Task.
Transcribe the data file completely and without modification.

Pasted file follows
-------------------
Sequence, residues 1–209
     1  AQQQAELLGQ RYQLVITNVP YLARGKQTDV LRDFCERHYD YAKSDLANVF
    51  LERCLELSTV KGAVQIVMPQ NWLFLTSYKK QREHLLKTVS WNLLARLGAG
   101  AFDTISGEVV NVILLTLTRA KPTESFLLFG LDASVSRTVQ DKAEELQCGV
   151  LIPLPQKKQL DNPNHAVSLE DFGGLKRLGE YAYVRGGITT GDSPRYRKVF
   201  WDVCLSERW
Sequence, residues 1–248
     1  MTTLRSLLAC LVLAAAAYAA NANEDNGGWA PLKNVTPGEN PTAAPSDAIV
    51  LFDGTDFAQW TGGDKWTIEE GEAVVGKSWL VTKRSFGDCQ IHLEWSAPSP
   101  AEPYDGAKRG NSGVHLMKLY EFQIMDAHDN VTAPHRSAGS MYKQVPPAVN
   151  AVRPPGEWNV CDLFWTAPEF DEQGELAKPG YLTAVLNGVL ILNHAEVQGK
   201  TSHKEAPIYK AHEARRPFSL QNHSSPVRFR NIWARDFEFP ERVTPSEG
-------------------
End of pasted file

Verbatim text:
Sequence, residues 1–209
     1  AQQQAELLGQ RYQLVITNVP YLARGKQTDV LRDFCERHYD YAKSDLANVF
    51  LERCLELSTV KGAVQIVMPQ NWLFLTSYKK QREHLLKTVS WNLLARLGAG
   101  AFDTISGEVV NVILLTLTRA KPTESFLLFG LDASVSRTVQ DKAEELQCGV
   151  LIPLPQKKQL DNPNHAVSLE DFGGLKRLGE YAYVRGGITT GDSPRYRKVF
   201  WDVCLSERW
Sequence, residues 1–248
     1  MTTLRSLLAC LVLAAAAYAA NANEDNGGWA PLKNVTPGEN PTAAPSDAIV
    51  LFDGTDFAQW TGGDKWTIEE GEAVVGKSWL VTKRSFGDCQ IHLEWSAPSP
   101  AEPYDGAKRG NSGVHLMKLY EFQIMDAHDN VTAPHRSAGS MYKQVPPAVN
   151  AVRPPGEWNV CDLFWTAPEF DEQGELAKPG YLTAVLNGVL ILNHAEVQGK
   201  TSHKEAPIYK AHEARRPFSL QNHSSPVRFR NIWARDFEFP ERVTPSEG